Interesting Fact: Once you look closer at the rocks, prominent grooved lines striping the formations arouse your interest. Interestingly, these lines attest to multiple layers of silt that was deposed at different times. A trained eye can even recognize the angles at which the wind was moving at the time the natural materials were deposited.
Campgrounds: With 3 group campgrounds, restrooms, and a picnic shelter, the Beehives area accommodations large parties that stay overnight in the park.
Scenic Loop Road
While the campers can spend quite a lot of time at the Beehives area, the first-time and day visitors should get back on the road and explore other natural attractions. The 2-mile Scenic Loop Road comes next.
Featuring some of the most interesting rock formations, such as Arch Rock and Piano Rock, the road is regarded as one of the most panoramic drives in Southern Nevada. They say once you drive along this scenic loop, you’re sure to visit Valley of Fire State Park again and again.
As I already mentioned, some of the most enticing places sit near the Scenic Loop Road. And one of the first places you want to visit near the West Entrance of the Valley of Fire is Atlatl Rock. Dotted with the spectacular petroglyphs, dating back nearly 3,000 years, this place is of most interest to history buffs.
Even the name of the rock has a direct relationship to ancient Indian tribes that lived here centuries and centuries ago. “Atlatl” was a devise used to propel a spear. You can find images of this primitive weapon along with drawings of animals and things that have no meaning in today’s society carved on the massive walls of the rock.
TIP: For an overnight stay, head to the adjacent Atlatl Campground. With 44 campsites, it’s one of the most popular camping places to visit in Valley of Fire State Park. Keep in mind, though, half of the campsites are primitive and half are equipped with water and power hookups. So if you travel by RV, claim one of these spots early, before they are all occupied.
Continue on along the Scenic Loop Drive to visit another popular landmark of Valley of Fire State Park. Alluring with its spectacular shape, Arch Rock is especially popular among photographers.
While the latter capture the natural beauty of the formation at different lights, history and geology enthusiasts marvel at the rock’s story. Presumably, the arch was formed by strong winds and rain slowly washing away the materials holding its sand grains together. Over time, the weakened part of the rock fell off, allowing the natural arch to form.
TIP: They predict that the iconic landmark one must visit when in the Valley of Fire will eventually collapse under its own weight. Apparently, even visually strong giants are fragile. Thus, climbing on Arch Rock is not allowed. Let’s preserve this remarkable natural wonder for many other visitors of the Valley of Fire to enjoy.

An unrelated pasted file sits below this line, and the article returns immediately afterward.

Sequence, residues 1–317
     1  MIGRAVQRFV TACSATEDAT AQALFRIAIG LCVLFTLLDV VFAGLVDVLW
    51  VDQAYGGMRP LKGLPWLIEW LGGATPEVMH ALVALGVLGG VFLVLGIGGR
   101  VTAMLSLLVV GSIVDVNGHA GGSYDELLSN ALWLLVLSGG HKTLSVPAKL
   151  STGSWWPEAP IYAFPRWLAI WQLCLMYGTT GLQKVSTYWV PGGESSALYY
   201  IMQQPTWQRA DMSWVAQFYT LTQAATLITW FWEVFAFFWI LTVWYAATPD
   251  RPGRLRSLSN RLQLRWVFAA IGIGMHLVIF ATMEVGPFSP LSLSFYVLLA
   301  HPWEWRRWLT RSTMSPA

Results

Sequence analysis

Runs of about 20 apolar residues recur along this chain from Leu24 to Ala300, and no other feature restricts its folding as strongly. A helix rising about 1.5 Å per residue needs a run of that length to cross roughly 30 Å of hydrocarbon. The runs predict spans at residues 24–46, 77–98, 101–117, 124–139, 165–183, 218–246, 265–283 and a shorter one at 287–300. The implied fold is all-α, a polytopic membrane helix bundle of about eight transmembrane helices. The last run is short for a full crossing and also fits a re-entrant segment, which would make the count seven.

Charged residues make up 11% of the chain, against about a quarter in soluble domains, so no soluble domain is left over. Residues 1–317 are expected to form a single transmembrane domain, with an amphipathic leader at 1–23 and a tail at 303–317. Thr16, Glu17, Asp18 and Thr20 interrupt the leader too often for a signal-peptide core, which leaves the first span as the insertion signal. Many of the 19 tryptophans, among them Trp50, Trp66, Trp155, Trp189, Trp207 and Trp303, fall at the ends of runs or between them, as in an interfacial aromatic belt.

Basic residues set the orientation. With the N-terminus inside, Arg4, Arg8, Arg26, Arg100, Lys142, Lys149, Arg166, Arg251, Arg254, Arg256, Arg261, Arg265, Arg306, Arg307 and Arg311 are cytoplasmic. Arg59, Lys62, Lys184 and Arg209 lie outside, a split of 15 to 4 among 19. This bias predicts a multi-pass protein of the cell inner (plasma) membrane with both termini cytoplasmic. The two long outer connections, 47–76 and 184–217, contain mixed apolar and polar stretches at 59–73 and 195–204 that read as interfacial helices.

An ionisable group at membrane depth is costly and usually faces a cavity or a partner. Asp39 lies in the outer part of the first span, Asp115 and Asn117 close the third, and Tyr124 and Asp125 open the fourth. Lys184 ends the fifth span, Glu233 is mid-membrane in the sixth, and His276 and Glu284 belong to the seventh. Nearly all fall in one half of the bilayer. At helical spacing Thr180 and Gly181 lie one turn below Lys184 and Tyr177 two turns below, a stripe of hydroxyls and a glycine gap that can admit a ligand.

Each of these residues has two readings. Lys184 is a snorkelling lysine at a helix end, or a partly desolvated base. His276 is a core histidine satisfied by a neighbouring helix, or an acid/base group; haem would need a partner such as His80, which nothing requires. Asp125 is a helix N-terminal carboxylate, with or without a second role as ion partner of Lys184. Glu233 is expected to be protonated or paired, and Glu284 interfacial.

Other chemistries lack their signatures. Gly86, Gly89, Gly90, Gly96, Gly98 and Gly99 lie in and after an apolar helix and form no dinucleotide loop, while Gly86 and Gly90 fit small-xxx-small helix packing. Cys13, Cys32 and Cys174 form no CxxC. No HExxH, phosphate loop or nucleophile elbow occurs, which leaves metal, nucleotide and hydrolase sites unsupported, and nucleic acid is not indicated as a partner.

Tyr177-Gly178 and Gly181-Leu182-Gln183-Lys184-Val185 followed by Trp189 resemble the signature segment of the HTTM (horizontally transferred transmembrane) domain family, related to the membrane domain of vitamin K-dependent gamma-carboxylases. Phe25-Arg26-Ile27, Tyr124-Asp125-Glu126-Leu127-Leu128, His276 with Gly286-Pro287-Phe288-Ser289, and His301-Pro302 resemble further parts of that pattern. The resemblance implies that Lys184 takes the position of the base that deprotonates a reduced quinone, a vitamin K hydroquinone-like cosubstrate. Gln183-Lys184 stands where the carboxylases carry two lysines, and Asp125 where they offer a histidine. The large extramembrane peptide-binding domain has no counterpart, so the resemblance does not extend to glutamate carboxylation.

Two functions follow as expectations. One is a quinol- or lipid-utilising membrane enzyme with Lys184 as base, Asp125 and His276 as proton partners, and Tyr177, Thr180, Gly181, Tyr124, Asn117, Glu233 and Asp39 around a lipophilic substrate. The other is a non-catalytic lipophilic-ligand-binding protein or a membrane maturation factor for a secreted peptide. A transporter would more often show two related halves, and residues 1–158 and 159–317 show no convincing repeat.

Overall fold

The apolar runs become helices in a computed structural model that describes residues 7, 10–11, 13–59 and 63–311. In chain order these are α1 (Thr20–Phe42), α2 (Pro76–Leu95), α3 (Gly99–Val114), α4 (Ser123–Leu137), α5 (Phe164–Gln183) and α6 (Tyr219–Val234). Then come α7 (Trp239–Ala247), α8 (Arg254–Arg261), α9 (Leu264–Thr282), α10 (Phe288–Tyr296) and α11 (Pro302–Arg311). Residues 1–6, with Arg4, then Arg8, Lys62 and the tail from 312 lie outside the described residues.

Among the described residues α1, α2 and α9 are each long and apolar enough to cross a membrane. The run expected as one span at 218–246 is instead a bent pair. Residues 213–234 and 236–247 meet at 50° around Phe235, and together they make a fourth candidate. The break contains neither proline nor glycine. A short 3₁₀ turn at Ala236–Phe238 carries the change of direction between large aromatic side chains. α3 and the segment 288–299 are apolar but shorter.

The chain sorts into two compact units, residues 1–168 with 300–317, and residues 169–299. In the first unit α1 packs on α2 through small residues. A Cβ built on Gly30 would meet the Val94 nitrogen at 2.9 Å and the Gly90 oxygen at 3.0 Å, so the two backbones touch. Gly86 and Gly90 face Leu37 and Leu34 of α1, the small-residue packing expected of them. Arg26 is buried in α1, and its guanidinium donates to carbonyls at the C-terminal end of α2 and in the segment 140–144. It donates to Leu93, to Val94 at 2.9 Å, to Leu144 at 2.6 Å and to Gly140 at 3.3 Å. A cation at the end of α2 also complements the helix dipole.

Campgrounds: The Arch Rock Campground sits near Arch Rock. Its 29 rather primitive campsites operate seasonally, on a first-come, first-served basis.
Fire Cave/Winstone Arch
Fire Cave or Winstone Arch is not an easy place to visit in Valley of Fire State Park. Nestled near the Scenic Loop Road, the rock formation is so tiny that many day-trippers often miss it. Those who intend to go off-the-beaten path to find this hidden gem should drive almost to the end of the scenic road. Park and hike for a couple of minutes. Don’t walk too far or you risk to miss the cave/arch.
TIP: The last stretch of the Scenic Loop Road is unpaved. Yet all cars can safely traverse along this section.
Whether you start your day visit to Valley of Fire State Park from the west or east, two Petrified Logs’ sites welcome you not far from each entrance. What is so interesting about these dead trees? Normally, a tree decomposes after it dies, nurturing the soil and eventually disappearing completely.
The Petrified Logs, however, have existed for millions of years. Washed into the park from an ancient forest, they lack any organic things that had comprised them in the first place. Instead, different minerals filled up the logs and stumps, keeping them “alive” and giving them their distinctive colors.
TIP: A few petrified logs lay close to the road. Park in the parking lots nearby and explore the areas on foot.
Right before you enter the main section of the park, swing by the Visitor Center. Open daily from 8:30 am to 4:30 pm, it’s a great place to visit in Valley of Fire State Park to learn about its wildlife, hiking trails, and prehistory. For those who look for souvenirs to remind them of the park, stop at a gift shop and select something for yourself from its expansive collection of postcards, books, and other souvenirs.